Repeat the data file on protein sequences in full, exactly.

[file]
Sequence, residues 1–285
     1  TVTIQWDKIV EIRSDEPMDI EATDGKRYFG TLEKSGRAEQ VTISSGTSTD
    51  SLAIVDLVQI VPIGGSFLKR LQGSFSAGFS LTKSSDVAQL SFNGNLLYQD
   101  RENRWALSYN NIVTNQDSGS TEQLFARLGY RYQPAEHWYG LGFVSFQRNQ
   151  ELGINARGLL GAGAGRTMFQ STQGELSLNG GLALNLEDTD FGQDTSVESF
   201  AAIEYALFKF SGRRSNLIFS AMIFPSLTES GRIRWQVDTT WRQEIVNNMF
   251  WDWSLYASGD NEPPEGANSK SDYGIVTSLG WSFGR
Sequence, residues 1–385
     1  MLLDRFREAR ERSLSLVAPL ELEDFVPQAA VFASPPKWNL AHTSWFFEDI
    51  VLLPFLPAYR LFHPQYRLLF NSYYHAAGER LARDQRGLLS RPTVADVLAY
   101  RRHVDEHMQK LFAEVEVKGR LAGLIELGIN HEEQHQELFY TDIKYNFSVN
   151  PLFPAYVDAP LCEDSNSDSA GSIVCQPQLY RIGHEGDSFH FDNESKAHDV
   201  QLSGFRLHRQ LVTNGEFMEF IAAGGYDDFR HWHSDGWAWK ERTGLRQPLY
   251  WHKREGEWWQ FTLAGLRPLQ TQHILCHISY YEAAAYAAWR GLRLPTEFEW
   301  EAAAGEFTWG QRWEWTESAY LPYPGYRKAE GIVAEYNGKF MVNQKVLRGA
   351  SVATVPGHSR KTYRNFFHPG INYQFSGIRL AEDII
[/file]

Sequence, residues 1–285
     1  TVTIQWDKIV EIRSDEPMDI EATDGKRYFG TLEKSGRAEQ VTISSGTSTD
    51  SLAIVDLVQI VPIGGSFLKR LQGSFSAGFS LTKSSDVAQL SFNGNLLYQD
   101  RENRWALSYN NIVTNQDSGS TEQLFARLGY RYQPAEHWYG LGFVSFQRNQ
   151  ELGINARGLL GAGAGRTMFQ STQGELSLNG GLALNLEDTD FGQDTSVESF
   201  AAIEYALFKF SGRRSNLIFS AMIFPSLTES GRIRWQVDTT WRQEIVNNMF
   251  WDWSLYASGD NEPPEGANSK SDYGIVTSLG WSFGR
Sequence, residues 1–385
     1  MLLDRFREAR ERSLSLVAPL ELEDFVPQAA VFASPPKWNL AHTSWFFEDI
    51  VLLPFLPAYR LFHPQYRLLF NSYYHAAGER LARDQRGLLS RPTVADVLAY
   101  RRHVDEHMQK LFAEVEVKGR LAGLIELGIN HEEQHQELFY TDIKYNFSVN
   151  PLFPAYVDAP LCEDSNSDSA GSIVCQPQLY RIGHEGDSFH FDNESKAHDV
   201  QLSGFRLHRQ LVTNGEFMEF IAAGGYDDFR HWHSDGWAWK ERTGLRQPLY
   251  WHKREGEWWQ FTLAGLRPLQ TQHILCHISY YEAAAYAAWR GLRLPTEFEW
   301  EAAAGEFTWG QRWEWTESAY LPYPGYRKAE GIVAEYNGKF MVNQKVLRGA
   351  SVATVPGHSR KTYRNFFHPG INYQFSGIRL AEDII